I'm a long time weather watcher from British Columbia. For the last few years, I've been a follower of Scott Sistek over at KOMO-TV as well as Cliff Mass' blog. I actually prefer these soruces (along with the forecasts from the NWS Seattle office) over Environment Canada's forecast. Especially in summer, EC has gotten it wrong on convection countless times.
Anyway, from reading Cliff's blog, I am familiar with the weather patterns in the PNW in summer and how they limit convection. However, I want to know the dynamics that could trigger thunderstorm activity: west or east of the Cascades; in or out of summer, from Bellingham/the Lower Mainland down to Eugene...how do cold or warm-core convection events get triggered in this part of the continent when the dominant air mass is the North Pacific High, onshore flow dominates, the Cascades and Rockies block moisture, and dewpoints rarely surpass 60F/15C? As for east of the Cascades or the Willemette Valley, what makes warm-core convection so much more frequent than in, say, the Puget Sound or the Lower Mainland?
Essentially, what I want to know is something like this, but for thunderstorms.
There are a couple of things I know:
- Most convective events west of the Cascades occur in the spring, when the air is coldest aloft (source: Cliff Mass)
- Warm core convective events west of the Cascades are typically a dry lightning event. Thundervirga is also not uncommon. As such, the biggest danger is not wind, hail, or heavy rain, but actually wildfires. To my count, there has been one Tornado Warning west of the Cascades in my lifetime (the 5/31/97 tornado outbreak), one Severe Thunderstorm Watch north of Portland (on 8/12/14, in SW WA), and one Severe Thunderstorm Warning in Metro Vancouver/Fraser Valley (on 7/25/09, for the western Fraser Valley including Abbotsford). However, there are Red Flag Warnings every summer.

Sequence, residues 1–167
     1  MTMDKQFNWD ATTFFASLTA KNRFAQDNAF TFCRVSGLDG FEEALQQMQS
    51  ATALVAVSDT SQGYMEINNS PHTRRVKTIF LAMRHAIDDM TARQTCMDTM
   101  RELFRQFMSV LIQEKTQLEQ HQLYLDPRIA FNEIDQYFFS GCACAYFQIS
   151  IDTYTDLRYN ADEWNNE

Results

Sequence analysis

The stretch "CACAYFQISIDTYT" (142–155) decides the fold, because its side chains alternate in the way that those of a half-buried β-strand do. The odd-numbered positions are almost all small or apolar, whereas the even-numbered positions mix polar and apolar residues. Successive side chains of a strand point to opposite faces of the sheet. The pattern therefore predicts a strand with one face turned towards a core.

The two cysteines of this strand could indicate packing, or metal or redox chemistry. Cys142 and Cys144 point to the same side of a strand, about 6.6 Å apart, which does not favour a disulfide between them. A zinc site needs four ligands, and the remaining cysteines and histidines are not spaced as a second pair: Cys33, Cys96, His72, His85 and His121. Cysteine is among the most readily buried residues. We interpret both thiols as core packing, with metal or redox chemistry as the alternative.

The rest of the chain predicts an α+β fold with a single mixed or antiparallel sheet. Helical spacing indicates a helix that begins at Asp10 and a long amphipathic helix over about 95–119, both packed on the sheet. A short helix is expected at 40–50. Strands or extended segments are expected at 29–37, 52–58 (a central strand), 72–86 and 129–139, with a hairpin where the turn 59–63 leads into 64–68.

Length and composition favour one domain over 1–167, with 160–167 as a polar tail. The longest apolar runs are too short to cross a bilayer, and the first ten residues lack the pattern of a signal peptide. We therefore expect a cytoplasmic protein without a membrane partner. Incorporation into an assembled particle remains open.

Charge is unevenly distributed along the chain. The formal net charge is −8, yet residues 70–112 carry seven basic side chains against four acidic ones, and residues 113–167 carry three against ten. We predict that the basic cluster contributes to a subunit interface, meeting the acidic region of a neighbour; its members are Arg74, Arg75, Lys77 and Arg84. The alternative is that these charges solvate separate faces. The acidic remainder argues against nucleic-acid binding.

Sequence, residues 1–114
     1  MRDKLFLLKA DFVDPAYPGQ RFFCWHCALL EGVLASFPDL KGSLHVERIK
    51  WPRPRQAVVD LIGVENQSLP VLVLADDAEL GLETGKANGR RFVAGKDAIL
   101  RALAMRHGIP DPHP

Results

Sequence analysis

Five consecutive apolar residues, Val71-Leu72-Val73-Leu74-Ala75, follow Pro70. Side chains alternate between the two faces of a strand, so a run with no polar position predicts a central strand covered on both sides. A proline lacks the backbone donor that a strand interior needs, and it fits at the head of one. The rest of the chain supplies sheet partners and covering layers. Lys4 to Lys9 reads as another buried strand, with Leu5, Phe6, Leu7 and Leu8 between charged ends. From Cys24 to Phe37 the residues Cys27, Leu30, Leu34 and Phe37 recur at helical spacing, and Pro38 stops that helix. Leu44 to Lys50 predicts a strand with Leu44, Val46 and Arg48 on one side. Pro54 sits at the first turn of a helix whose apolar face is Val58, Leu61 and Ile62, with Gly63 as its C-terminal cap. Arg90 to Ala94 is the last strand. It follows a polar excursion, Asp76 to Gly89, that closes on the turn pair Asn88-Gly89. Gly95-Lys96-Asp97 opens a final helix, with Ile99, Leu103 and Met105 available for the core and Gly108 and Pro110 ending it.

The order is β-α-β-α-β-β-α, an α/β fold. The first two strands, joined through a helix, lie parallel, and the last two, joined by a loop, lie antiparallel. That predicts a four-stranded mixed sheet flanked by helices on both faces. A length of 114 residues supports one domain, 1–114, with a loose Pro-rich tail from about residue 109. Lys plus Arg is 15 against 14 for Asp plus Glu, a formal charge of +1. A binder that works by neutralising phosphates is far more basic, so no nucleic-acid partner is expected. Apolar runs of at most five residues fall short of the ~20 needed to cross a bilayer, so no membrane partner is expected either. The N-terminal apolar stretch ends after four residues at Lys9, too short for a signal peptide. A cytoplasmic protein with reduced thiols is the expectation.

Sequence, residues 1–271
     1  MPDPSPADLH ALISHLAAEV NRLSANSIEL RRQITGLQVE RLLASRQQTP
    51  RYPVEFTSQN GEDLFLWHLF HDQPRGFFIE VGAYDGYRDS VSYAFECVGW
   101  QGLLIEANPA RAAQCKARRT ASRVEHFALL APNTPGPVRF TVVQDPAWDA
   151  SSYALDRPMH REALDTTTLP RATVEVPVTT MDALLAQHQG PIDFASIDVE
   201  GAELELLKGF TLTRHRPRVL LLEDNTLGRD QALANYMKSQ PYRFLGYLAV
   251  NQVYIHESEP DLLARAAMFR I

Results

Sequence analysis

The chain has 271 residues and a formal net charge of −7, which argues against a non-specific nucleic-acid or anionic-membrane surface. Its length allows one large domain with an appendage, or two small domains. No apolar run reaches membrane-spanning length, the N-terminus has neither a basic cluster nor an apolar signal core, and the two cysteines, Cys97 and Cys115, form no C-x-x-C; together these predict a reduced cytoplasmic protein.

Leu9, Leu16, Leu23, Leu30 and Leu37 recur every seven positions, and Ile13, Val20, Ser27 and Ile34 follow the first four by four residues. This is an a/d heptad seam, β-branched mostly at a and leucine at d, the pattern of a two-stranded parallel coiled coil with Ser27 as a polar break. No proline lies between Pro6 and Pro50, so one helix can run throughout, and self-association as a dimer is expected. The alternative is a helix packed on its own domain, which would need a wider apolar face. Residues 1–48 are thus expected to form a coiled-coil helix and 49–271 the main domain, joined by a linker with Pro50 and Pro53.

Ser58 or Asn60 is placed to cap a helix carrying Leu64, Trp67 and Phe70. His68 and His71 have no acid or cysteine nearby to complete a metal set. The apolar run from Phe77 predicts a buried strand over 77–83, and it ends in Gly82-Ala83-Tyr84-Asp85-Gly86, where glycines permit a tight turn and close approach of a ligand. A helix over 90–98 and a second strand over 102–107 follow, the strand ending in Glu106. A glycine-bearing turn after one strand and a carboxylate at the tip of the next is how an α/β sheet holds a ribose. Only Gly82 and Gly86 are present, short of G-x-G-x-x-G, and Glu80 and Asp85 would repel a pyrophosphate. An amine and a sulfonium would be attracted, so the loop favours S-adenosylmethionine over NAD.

- Cloud tops aren't as high as east of the Rockies; very rare to see echo tops over 30,000 feet (east of the Cascades is a different story)
- At least here in the Lower Mainland, thunderstorms almost always come in a general south-north direction, or east-west, whereas fall/winter storms usually travel southwest to northeast.
- CAPE values max out at 800-1000 J/kg west of the Cascades*. East of the Cascades (example) and in the Willamette Valley, CAPE readings can hit 1500-2000 J/kg, but CAPE potential is more limited because the source of moisture is the North American Monsoon instead of the Gulf of Mexico, which basically acts like a heat pump/sauna for most of North America east of the Continental Divide. CAPE values in the Midwest and Mid-Atlantic can reach 5000-6000 J/kg.
This question has been bugging me for many years. I emailed both Cliff Mass and Scott Sistek for answers, but I never got a reply. I would also love to learn how to analyze the data on Twisteradata.com, like professional storm chasers do, and infer clues as to thunderstorm development. Like, "oh, the 850mb wind direction is different, and the 850mb temperature is 2C, and the CAPE is 850 J/kg with high voricity and water vapour, we will get thunderstorms".
* I'm making an educated guess because I haven't been able to find archived surface CAPE reading that are available to the public. UW's GRF-WRF product (which includes CAPE readings) only archives data for 12 days, and the NCDC doesn't have surface CAPE data archived. Though, I think there hasn't been a 1000 J/kg day west of the Cascades since 8/3/99 or maybe even 5/31/97.
Edit: 5/31/97 was tornado warning, not STW.